And all this criticism usually based on a 10000 miles high explanation of the idea in some popular science article. As if that is enough to capture all the nuances of the thing.
I may not be quite proficient in Physics to be able to say what's the case here (then again I doubt many if any at HN are at the level of the article's professor), but I've seen the same kind of responses many times in comments about other fields of study.
If general relativity is correct, that system will generate gravity waves which will take away energy and the orbit will decay. This is a small effect, however, so we generally don't have to worry about it. E.g., Earth's orbit is decaying by about the width of a hydrogen atom every few hundred years.
Here, the theory is that the system is already in its lowest-energy state, despite the fact that part of it is still in motion.
EDIT: A lot of comments appear confused about stuff in the article from Wired. That's due to the journalism. The Scientific American article addresses many of issues raised here.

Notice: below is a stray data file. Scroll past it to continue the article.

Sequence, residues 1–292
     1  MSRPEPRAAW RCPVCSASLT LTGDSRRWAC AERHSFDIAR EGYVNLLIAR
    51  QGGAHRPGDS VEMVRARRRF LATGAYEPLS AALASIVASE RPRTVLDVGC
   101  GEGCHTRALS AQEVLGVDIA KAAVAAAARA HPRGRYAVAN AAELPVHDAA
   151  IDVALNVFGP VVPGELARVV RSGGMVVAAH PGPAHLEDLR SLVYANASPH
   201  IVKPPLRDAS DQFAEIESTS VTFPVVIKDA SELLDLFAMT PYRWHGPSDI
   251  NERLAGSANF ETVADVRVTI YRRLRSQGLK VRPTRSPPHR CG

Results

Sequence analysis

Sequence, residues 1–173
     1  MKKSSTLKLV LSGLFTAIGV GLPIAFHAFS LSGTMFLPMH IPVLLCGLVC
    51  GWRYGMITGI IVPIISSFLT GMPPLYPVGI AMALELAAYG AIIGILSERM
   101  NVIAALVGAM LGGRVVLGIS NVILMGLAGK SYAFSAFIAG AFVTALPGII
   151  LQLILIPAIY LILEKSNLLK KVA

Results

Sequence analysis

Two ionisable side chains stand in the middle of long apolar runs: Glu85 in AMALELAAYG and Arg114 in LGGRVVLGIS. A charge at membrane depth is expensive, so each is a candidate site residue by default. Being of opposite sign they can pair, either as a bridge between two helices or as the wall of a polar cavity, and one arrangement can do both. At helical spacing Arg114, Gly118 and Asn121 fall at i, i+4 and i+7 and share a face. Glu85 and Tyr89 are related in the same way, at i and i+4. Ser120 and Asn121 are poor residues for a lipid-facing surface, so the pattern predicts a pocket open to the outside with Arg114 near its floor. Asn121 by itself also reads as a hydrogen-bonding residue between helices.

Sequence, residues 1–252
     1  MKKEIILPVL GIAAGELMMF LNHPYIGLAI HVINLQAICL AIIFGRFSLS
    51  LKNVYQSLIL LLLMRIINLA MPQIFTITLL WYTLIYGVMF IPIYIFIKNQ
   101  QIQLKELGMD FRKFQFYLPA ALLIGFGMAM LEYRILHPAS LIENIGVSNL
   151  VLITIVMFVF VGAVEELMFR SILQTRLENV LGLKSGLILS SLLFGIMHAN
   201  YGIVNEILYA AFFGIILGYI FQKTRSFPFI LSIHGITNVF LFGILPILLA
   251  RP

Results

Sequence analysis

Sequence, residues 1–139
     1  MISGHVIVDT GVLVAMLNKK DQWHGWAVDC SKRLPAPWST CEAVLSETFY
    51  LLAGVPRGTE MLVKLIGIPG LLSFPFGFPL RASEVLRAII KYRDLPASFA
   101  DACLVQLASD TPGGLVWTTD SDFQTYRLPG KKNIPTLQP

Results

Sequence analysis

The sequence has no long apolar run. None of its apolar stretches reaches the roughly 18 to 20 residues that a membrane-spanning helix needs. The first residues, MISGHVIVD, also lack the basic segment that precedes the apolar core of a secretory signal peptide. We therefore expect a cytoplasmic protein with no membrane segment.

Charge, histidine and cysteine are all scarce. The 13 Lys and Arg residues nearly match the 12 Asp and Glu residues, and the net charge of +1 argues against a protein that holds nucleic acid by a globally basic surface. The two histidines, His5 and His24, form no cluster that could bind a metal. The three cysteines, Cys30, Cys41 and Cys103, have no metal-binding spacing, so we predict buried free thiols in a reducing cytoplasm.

The theory here is that you can have a system that is already in a ground state, where it can't decay further, and is still spinning (and will spin forever without gaining or losing energy.)
I don't have the expertise to properly understand the details, but it seems like it's along similar lines as something like an electron 'orbiting' a nucleus in ground state -- unlike the plate, the electron will never stop 'orbiting' because it has no energy to lose.
The electron, though, is delocalized -- it's in every place around the nucleus at once. So there's no periodic motion involved. By contrast, this experiment will tag one of the atoms in the ring so we can watch it move periodically.